By Andrew Cohen
Two Berkeley Law graduates are among five lawyers recently elected to the California State Bar Board of Governors. Cheryl Hicks ’83 of Oakland and Lowell Carruth ’62 of Fresno will begin serving three-year terms next month.
The board, which is the State Bar’s governing body, consists of 23 members—the Bar’s president (currently Holly Fujie ’78), 16 attorneys elected by their colleagues across California, and six non-attorney members appointed by the governor and legislature.
Hicks will represent District 3, which covers Alameda, Contra Costa, San Mateo, and Santa Clara counties. A solo practitioner specializing in juvenile dependency and family law, Hicks is a past president of the Alameda County Bar Association (ACBA). She received the State Bar’s Solo Section Attorney of the Year Award in 2008, and this year won the ACBA Distinguished Service Award.
She has been active in the ACBA for more than two decades, and chaired its Civil Court Appointed Attorneys Program. Hicks also led the ACBA’s Judicial Mentoring Project, which guides lawyers considering a career on the bench and promotes diversity in the judicial applicant pool.
Carruth will represent District 5, which spans Fresno, Inyo, Kern, Kings, Madera, Mariposa, Merced, Mono, Monterey, San Benito, San Joaquin, Santa Cruz, Stanislaus, and Tulare counties. He is of counsel with McCormick Barstow in Fresno, where he handles business and commercial litigation, products liability, professional malpractice, general negligence, insurance bad faith, and wrongful termination.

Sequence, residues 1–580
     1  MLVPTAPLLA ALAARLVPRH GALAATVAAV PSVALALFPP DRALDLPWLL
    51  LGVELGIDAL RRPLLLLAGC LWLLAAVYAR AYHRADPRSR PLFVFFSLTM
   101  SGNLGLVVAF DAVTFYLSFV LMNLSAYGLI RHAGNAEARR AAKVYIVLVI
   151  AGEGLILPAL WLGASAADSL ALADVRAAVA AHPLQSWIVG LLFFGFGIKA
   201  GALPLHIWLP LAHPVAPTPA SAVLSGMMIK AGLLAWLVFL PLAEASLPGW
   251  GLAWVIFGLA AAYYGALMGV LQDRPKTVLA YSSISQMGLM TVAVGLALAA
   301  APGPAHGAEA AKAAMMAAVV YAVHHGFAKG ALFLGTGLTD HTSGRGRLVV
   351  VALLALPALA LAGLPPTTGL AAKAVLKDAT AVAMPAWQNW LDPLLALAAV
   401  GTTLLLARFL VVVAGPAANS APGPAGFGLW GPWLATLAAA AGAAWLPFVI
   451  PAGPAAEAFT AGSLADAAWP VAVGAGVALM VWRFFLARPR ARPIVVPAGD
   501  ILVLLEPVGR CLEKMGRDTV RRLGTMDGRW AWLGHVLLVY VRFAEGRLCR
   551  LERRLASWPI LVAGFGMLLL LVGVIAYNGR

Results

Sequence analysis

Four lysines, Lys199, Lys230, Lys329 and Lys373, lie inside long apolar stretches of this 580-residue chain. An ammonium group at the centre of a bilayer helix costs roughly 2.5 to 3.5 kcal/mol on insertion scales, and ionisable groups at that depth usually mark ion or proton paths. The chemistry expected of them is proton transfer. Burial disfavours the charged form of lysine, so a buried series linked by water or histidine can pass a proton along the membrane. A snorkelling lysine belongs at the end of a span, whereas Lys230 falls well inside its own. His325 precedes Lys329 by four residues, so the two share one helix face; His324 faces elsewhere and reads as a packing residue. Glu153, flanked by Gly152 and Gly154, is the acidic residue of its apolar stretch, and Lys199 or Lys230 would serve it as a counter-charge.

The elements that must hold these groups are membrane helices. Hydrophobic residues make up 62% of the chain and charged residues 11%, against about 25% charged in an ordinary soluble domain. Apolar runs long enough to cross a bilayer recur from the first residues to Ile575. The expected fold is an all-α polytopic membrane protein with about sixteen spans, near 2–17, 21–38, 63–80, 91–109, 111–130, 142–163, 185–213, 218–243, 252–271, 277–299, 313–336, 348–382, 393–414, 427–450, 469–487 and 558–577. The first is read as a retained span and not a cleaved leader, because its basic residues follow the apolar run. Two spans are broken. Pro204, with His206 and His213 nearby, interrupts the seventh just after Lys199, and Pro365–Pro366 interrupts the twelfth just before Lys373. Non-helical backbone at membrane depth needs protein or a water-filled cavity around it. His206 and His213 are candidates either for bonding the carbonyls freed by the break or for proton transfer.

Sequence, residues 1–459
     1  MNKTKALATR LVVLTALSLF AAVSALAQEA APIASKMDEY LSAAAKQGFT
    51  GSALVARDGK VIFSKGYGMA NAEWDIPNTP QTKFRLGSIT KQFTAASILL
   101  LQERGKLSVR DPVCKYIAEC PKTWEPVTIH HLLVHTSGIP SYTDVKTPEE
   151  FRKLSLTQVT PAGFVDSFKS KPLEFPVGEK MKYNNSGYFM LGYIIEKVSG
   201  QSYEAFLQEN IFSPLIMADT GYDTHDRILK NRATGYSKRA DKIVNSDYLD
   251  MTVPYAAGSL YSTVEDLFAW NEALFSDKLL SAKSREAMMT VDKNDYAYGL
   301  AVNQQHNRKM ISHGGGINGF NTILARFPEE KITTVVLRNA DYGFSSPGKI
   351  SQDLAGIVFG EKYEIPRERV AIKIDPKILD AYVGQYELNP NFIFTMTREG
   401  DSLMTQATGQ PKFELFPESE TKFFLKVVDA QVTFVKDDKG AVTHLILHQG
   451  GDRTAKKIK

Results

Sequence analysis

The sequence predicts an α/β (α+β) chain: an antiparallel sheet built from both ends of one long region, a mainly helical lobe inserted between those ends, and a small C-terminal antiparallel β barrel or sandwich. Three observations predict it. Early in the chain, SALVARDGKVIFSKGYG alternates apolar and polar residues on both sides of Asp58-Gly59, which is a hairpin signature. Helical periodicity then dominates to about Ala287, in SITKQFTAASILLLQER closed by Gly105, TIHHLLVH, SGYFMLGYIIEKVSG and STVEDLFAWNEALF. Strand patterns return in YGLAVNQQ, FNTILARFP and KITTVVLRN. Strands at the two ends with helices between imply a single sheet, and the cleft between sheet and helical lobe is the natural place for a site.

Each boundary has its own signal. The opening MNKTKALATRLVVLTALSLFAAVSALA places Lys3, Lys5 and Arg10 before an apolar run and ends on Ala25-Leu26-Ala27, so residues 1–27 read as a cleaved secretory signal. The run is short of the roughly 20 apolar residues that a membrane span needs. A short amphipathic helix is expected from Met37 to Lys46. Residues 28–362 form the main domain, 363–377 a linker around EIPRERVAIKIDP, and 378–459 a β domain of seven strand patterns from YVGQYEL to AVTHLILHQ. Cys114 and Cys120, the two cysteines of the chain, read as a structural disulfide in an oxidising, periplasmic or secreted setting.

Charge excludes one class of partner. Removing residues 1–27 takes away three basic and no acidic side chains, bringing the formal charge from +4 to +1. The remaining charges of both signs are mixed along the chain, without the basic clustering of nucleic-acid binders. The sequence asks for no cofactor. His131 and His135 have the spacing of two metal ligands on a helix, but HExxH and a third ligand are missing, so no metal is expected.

A founding member and first president of the San Joaquin Valley chapter of the American Board of Trial Advocates (ABOTA), Carruth was named 1997 ABOTA California Trial Lawyer of the Year. Tapped as a California Super Lawyer by Law & Politics and San Francisco Magazine, he also serves on a bipartisan committee that screens, interviews, and recommends finalists for positions as U.S. District Court Judge, U.S. Attorney, and U.S. Marshall.
The California State Bar Board of Governors meets eight times a year to discuss and rule on organizational, policy, and professional issues. Each meeting features a public and a confidential session, and agendas are posted on the Board’s Web site.